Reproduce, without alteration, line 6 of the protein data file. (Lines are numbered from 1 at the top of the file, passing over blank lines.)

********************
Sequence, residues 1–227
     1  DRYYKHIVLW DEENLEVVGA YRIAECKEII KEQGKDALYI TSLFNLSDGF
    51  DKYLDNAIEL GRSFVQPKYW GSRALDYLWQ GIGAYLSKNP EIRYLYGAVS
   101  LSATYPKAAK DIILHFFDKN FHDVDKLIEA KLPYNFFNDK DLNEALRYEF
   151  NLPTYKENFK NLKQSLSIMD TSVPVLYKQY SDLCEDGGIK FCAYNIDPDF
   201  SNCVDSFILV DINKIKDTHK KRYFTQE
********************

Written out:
   201  SNCVDSFILV DINKIKDTHK KRYFTQE